Horse milk Cures: Sumbawa, West Nusa Tenggara
Spurred by the Dompu regency administration, sales from miracle-working horse milk, and an increase in tourism have helped raise living standards for the people of Sumbawa Island, West Nusa Tenggara. Sumbawa Island is well known for its horses, descendants of the legendary Mongolian animals and also of Chinese stock. Though small in size, they are often used to pull cidomo carts, a popular form of transportation on the island, for racing and, rather unexpectedly, for their milk — which cures cancer. Residents, especially those who work in milk production centers in Sumbawa, Dompu and Bima regencies, raise the horses in the wild.
Saneo village, around 10 km from Dompu’s downtown is home to one such production center, where the Dompu regency administration assists horse farmers in their work according to Panca Nugraha.
“Wild horse milk is not derived from wild horses that are caught and kept in captivity. They are tame to their owners, but are raised in the wild. They forage in the forest.” Saneo village chief Junaiddin said.
Horse farmers in Saneo have formed a horse farmers’ group called Mori Sama (living side by side), which has 50 members now. They raise more than 200 horses in Saneo, with around 30 used for milk production, producing an average of 60 to 80 bottles daily.
In Saneo, wild horse milk sells for Rp 15,000 (US$1.60) per 600-ml bottle, and Rp 20,000 for a 800-ml bottle. Outside the area, however, the price is higher. In Mataram, the price of the larger bottle can reach Rp 100,000.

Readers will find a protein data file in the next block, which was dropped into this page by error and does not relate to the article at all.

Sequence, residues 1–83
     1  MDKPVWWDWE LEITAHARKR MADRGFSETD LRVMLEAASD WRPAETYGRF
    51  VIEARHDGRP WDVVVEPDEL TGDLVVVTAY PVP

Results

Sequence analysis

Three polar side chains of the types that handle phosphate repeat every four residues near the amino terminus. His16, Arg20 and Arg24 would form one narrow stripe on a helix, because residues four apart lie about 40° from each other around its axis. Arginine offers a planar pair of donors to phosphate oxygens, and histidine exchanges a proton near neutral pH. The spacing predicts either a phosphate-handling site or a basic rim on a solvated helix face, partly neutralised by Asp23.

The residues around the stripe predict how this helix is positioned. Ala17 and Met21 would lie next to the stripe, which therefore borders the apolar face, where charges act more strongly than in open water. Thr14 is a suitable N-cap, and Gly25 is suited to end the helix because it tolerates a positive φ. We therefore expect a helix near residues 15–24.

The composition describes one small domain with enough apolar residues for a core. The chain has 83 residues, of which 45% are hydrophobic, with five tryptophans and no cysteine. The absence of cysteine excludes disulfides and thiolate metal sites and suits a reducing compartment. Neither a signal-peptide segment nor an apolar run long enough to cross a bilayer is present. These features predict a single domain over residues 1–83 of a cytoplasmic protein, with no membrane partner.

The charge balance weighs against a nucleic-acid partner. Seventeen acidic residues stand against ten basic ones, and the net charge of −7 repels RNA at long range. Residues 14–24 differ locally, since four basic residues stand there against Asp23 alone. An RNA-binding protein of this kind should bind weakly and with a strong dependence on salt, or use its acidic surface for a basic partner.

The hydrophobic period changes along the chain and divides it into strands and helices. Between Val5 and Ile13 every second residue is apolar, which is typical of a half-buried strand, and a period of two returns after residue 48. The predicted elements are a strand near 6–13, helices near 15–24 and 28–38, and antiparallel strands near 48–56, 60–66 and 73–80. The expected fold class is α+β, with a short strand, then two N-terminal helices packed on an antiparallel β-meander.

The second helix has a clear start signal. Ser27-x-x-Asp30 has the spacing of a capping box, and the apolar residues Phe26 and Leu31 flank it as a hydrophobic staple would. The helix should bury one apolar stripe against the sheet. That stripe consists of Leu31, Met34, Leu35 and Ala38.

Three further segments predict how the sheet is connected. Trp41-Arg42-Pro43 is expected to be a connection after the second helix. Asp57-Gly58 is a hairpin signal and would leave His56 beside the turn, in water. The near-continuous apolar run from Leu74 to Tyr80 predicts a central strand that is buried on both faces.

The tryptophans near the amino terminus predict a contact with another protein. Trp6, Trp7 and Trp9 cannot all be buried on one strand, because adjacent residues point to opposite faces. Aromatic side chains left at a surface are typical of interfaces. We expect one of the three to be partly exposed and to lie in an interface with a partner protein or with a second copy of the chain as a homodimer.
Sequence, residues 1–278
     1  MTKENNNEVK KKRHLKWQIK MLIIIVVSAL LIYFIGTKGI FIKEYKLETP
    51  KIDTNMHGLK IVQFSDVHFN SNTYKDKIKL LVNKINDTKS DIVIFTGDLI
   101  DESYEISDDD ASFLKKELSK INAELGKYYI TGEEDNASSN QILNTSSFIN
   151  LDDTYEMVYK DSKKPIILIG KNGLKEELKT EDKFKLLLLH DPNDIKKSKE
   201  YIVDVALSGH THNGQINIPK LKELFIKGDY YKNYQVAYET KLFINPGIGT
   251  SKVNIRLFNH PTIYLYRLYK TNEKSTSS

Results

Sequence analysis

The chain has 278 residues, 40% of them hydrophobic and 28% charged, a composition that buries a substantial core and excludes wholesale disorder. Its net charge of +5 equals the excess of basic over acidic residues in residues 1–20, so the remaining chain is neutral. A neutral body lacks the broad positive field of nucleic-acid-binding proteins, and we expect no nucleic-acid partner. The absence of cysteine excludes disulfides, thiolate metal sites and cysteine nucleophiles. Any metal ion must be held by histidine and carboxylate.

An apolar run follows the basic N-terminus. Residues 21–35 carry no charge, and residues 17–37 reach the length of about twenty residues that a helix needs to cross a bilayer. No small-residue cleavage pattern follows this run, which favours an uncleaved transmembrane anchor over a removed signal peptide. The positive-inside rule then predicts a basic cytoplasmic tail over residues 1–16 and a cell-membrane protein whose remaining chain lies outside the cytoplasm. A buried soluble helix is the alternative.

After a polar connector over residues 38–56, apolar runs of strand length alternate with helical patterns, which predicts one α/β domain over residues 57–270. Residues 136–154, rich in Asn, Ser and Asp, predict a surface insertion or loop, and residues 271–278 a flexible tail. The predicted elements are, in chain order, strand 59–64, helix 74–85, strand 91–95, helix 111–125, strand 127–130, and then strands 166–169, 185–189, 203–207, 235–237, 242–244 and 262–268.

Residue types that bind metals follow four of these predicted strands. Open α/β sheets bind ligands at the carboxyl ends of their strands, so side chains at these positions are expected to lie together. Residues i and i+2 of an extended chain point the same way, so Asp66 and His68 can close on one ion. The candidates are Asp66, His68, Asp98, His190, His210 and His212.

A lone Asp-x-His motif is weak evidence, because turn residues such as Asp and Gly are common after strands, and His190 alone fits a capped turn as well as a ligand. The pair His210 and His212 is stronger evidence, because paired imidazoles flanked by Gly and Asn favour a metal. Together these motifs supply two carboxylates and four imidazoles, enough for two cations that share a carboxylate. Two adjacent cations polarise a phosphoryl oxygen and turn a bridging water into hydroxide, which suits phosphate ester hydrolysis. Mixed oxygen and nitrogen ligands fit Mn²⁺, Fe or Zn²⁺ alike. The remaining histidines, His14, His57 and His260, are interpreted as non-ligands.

Wild horse milk is somewhat astringent and sour to the taste, unlike that of cow or buffalo. It can, however, keep for four months, provided it is stored at a cool temperature. Its restorative power purportedly enhances after two months.
The Dompu regency administration has initiated an assistance program to help farmers in the milk production process.
“The local administration has assisted us in packaging the milk since 2004. Milk is packaged and sealed as soon as it’s milked to maintain its freshness,” said Junaiddin.
Dompu regency administration spokesman Wahyuddin said the Bogor Dairy Product Analysis Center tested the milk in 2004 and found that it could cure intestinal infection, stomach cancer and was capable of fighting bacterial growth.
“The analysis showed that only wild horses from Dompu and Sumbawa still have high contents of antibiotics, likely due to their eating patterns in the forest and a specific tree worm they eat,” said Wahyuddin.
Following an increase in demand since the finding in 2004, the Dompu regency administration has designated two villages as production centers for wild horse milk — Saneo, Woja district, and Taropo village, Kilo district — to curb the sale of adulterated milk, produced by mixing the milk with water, preservatives, or milk derived from domesticated horses.
According to Wahyuddin, wild horse farmers in Saneo have often been invited to various exhibitions across the country to share their experience with horse farmers from other provinces.
Besides earnings from milk sales, Saneo’s community, made up of 400 families, or 1,800 people, has benefited from a surge in foreign and domestic visitors.
Proceeds from the milk have considerably improved the living standards of the villagers, most of whom are farmers.
“We can use the money from our crops to buy food and use proceeds from wild horse milk for other needs, such as paying for our children’s education,” said wild horse farmer Arifin.
Dompu regency is situated on Sumbawa Island, a ten hour drive from Mararam city. The journey includes a ferry ride across the Alas Strait from Kayangan on Lombok Island to Poto Tano in West Sumbawa. Dompu is located between Sumbawa and Bima regencies.